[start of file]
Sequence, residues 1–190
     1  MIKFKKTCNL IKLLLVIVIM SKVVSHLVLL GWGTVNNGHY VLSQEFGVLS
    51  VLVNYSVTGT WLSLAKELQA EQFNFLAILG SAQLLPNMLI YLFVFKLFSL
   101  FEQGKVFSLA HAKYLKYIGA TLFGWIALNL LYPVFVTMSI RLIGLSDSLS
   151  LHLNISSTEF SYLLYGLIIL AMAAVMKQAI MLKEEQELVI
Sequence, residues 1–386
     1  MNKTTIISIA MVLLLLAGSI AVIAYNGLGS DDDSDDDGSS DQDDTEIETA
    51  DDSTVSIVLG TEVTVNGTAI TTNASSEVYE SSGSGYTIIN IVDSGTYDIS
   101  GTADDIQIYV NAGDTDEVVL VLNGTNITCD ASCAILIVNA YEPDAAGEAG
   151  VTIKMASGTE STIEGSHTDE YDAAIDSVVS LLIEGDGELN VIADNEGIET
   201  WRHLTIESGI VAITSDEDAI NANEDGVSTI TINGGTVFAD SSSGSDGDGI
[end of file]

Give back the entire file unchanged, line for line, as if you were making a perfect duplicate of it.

Sequence, residues 1–190
     1  MIKFKKTCNL IKLLLVIVIM SKVVSHLVLL GWGTVNNGHY VLSQEFGVLS
    51  VLVNYSVTGT WLSLAKELQA EQFNFLAILG SAQLLPNMLI YLFVFKLFSL
   101  FEQGKVFSLA HAKYLKYIGA TLFGWIALNL LYPVFVTMSI RLIGLSDSLS
   151  LHLNISSTEF SYLLYGLIIL AMAAVMKQAI MLKEEQELVI
Sequence, residues 1–386
     1  MNKTTIISIA MVLLLLAGSI AVIAYNGLGS DDDSDDDGSS DQDDTEIETA
    51  DDSTVSIVLG TEVTVNGTAI TTNASSEVYE SSGSGYTIIN IVDSGTYDIS
   101  GTADDIQIYV NAGDTDEVVL VLNGTNITCD ASCAILIVNA YEPDAAGEAG
   151  VTIKMASGTE STIEGSHTDE YDAAIDSVVS LLIEGDGELN VIADNEGIET
   201  WRHLTIESGI VAITSDEDAI NANEDGVSTI TINGGTVFAD SSSGSDGDGI